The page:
There's too much black and white in the world. Especially when it comes to religion.
Believers adore crisp, clean demarcations between right and wrong, faith and faithlessness, truth and falsity, sacred and profane.
Me, I'm increasingly into gray. Not that there's anything wrong with black and white. After all, their mixture produces the subtle shades that I like.
Politicians, though, are under a lot of pressure to stake firm positions. "You're either with us, or against us" is a simplistic example.
So this morning I was eager to read Barack Obama's speech on race and religion to see how he handled the controversy over inflammatory remarks made by his spiritual mentor, Reverend Jeremiah Wright.
Since Obama has known Wright for more than twenty years, he couldn't claim ignorance of the pastor's America bashing. If Obama rejected Wright now, he'd look hypocritical. But if he accepted him, he'd look unpatriotic.
Solution: paint those shades of gray. Which is the color of the real world, mostly (as contrasted with the fictional black and white domain inhabited by dogmatic fundamentalists and rabid politicians).
I have already condemned, in unequivocal terms, the statements of Reverend Wright that have caused such controversy. For some, nagging questions remain. Did I know him to be an occasionally fierce critic of American domestic and foreign policy? Of course. Did I ever hear him make remarks that could be considered controversial while I sat in church? Yes. Did I strongly disagree with many of his political views? Absolutely - just as I'm sure many of you have heard remarks from your pastors, priests, or rabbis with which you strongly disagreed.
… But the truth is, that isn't all that I know of the man. The man I met more than twenty years ago is a man who helped introduce me to my Christian faith, a man who spoke to me about our obligations to love one another; to care for the sick and lift up the poor. He is a man who served his country as a U.S. Marine; who has studied and lectured at some of the finest universities and seminaries in the country, and who for over thirty years led a church that serves the community by doing God's work here on Earth - by housing the homeless, ministering to the needy, providing day care services and scholarships and prison ministries, and reaching out to those suffering from HIV/AIDS.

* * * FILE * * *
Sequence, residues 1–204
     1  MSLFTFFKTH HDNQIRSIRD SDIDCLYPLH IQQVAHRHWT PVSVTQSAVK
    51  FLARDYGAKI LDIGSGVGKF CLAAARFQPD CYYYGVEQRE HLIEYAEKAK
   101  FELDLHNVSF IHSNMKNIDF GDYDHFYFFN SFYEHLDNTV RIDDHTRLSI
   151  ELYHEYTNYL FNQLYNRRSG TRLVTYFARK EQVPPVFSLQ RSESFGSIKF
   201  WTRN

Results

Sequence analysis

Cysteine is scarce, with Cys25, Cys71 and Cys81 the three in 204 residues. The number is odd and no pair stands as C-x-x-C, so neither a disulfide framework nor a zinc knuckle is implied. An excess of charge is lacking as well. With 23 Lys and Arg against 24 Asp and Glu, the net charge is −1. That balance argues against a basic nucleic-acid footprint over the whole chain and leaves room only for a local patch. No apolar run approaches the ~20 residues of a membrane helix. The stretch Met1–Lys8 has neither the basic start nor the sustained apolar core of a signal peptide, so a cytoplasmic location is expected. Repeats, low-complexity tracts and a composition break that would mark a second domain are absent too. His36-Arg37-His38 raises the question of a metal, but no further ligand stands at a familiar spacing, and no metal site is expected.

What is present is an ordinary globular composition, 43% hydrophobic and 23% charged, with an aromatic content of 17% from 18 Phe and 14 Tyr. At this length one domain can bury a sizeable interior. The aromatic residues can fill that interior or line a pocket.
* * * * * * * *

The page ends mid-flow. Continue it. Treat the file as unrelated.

I was a member of a "church" (loosely speaking) for thirty-five years. Every Sunday I'd sit and listen to speakers say things that I didn't agree with, or believe in.
Yet I stayed involved with the organization, because for a long time the pluses outweighed the minuses. Then, the equation changed. That was a personal calculation, not anything mathematically objective.
Understand: this isn't a post about how marvelous Barack Obama is, though I support him. I simply want to point out how Obama managed to steer clear of the this or that, my way or the highway fallacy.
Reverend Wright isn't all good or all bad. Neither is his Trinity United Church of Christ, Christianity, and religion as a whole. Or, the United States, Barack Obama, me, you, and everything and everyone else in the world.
It was refreshing to read a speech by a politician that recognized this so clearly.
And this helps explain, perhaps, my relationship with Reverend Wright. As imperfect as he may be, he has been like family to me. He strengthened my faith, officiated my wedding, and baptized my children. Not once in my conversations with him have I heard him talk about any ethnic group in derogatory terms, or treat whites with whom he interacted with anything but courtesy and respect. He contains within him the contradictions - the good and the bad - of the community that he has served diligently for so many years.
I can no more disown him than I can disown the black community. I can no more disown him than I can my white grandmother - a woman who helped raise me, a woman who sacrificed again and again for me, a woman who loves me as much as she loves anything in this world, but a woman who once confessed her fear of black men who passed by her on the street, and who on more than one occasion has uttered racial or ethnic stereotypes that made me cringe.
These people are a part of me. And they are a part of America, this country that I love.
I don't know how Obama's speech will play across America. I liked it, but I enjoy nuance. As a New York Times story said, Obama took a gamble on trying to bridge a divide when so many voters want a politician to stand on one side or the other of an issue.
Presidential politics usually requires candidates to either wholly adopt or reject positions and people. Mr. Obama did neither with his pastor, rejecting his most divisive statements but also filling in the picture of Mr. Wright and his church.
"The church contains in full the kindness and cruelty, the fierce intelligence and the shocking ignorance, the struggles and successes, the love and, yes, the bitterness and biases that make up the black experience in America," Mr. Obama said.
It was one of several times that Mr. Obama seemed to be quite purposefully arguing two ideas at once — another dangerous tactic in presidential politics, in which statements are sifted for hints of contradiction and every speech is an attack ad waiting to happen. He admitted that his pastor is both a divisive figure and an inspiring one. He said that his candidacy should not be viewed through a merely racial lens, though racial reconciliation is one of the reasons he ran.
Like I said back in 2005, "Reality is shades of gray." I sounded a bit like Obama with my talk of black and white, red states and blue states, rich and poor.
I hope he'll be our next president. But if he isn't, may whoever leads the United States share his understanding that nothing is wholly this, or wholly that.
Subtle gradations make the world go world, not firm divisions.